When both UPI and the AP are confronted with an outrageous ballot, they may note it or question it, but they will never change it, although Wick Temple says he reserves the right to throw it out. Last season eyebrows were raised when, after the first week of the season, a pollster in Boston voted a team No. 1 that hadn't been in the preseason Top 20. Seems he had just seen that team crush a local college 44-0. Voters are often overly impressed by what they have seen in person. But the AP let the vote stand, and thus the man in Boston became the first of many who put Texas at the top of the list.
In last year's final poll, the AP did question the voter who selected North Dakota as the best team in the country. In this case, the voter had scratched ND on his ballot, and someone along the line had decided that ND did not necessarily stand for Notre Dame.
Do SIDs politic? Sure. Virtually every AP voter has received mail inquiring as to his health and thanking him for his support of, well, Alabama. Charley Thornton, who is technically an assistant athletic director, canvasses the entire country asking that the Crimson Tide be remembered when it comes time to vote. Bob Pastin, a former sports editor of The Bellingham (Wash.) Herald, says, "Thornton wrote and thanked me for supporting Alabama in the polls after the season ended. All that was supposed to do was make me think about Alabama when the polls roll around this year. There's no way he's going to write a newspaper way up here in Bellingham if he didn't have that in mind."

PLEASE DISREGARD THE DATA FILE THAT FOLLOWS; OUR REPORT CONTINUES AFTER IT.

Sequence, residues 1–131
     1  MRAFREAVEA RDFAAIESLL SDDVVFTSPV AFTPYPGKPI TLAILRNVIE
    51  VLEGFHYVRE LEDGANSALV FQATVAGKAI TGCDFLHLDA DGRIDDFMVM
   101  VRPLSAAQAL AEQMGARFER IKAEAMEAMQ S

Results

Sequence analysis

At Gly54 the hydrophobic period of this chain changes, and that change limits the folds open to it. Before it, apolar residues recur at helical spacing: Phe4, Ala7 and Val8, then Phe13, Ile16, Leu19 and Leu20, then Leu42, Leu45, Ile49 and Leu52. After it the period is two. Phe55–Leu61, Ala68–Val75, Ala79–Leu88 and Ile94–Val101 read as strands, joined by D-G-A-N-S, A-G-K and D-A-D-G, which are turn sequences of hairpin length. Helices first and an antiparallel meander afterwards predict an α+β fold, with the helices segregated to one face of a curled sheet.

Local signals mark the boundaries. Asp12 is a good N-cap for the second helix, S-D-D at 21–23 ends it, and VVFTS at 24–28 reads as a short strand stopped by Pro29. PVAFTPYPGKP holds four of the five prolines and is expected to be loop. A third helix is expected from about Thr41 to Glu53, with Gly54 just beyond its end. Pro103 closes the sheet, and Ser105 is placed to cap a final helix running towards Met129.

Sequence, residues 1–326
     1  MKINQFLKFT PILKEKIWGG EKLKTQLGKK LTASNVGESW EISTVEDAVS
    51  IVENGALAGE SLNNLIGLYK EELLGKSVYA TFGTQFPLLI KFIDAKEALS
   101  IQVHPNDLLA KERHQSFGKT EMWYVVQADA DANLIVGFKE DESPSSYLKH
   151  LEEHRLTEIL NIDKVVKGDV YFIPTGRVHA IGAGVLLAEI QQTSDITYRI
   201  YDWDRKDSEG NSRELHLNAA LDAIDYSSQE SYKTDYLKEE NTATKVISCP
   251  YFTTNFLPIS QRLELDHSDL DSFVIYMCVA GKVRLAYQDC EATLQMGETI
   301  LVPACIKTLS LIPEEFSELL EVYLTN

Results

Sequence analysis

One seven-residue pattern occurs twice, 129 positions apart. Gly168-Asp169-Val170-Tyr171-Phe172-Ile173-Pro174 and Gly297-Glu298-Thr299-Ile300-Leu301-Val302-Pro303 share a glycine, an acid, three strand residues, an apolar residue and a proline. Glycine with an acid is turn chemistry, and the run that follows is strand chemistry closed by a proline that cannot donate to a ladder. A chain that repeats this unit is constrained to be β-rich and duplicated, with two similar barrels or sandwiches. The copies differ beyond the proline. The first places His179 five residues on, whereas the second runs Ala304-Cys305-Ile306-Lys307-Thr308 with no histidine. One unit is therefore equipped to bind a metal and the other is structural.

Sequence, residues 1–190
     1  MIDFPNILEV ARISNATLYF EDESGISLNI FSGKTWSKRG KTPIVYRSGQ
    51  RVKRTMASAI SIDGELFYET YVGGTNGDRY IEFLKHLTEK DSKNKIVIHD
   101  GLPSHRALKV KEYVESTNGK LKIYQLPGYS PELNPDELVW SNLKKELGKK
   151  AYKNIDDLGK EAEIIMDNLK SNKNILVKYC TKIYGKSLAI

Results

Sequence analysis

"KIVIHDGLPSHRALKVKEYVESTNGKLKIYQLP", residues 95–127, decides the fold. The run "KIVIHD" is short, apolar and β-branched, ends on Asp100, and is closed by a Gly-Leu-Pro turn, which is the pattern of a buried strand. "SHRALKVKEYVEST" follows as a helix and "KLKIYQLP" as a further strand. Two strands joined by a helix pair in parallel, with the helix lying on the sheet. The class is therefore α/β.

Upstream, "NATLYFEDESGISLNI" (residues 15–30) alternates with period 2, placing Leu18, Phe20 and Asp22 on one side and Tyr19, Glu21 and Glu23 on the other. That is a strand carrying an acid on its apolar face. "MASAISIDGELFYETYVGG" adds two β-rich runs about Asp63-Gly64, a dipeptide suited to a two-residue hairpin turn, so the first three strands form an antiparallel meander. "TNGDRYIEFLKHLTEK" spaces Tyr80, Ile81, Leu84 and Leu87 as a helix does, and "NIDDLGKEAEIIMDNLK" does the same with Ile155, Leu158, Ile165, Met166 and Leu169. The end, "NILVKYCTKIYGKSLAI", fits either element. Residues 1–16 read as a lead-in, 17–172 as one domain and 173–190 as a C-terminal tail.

From time to time someone suggests that college football could put an end to all this by staging a national championship playoff along the lines of basketball's. But even if such a playoff were limited to eight teams—the winners of the five major conferences plus three at-large teams—it would require three additional games, and thus three additional weeks, for the finalists, making for a 14-game season. And some solution would have to be worked out to accommodate the bowls.
Perhaps all this will take place someday, but for the moment we are stuck with the polls, for better or worse. As LaVell Edwards of Brigham Young says, "You have to put them in perspective. They are not foolproof, not the last word."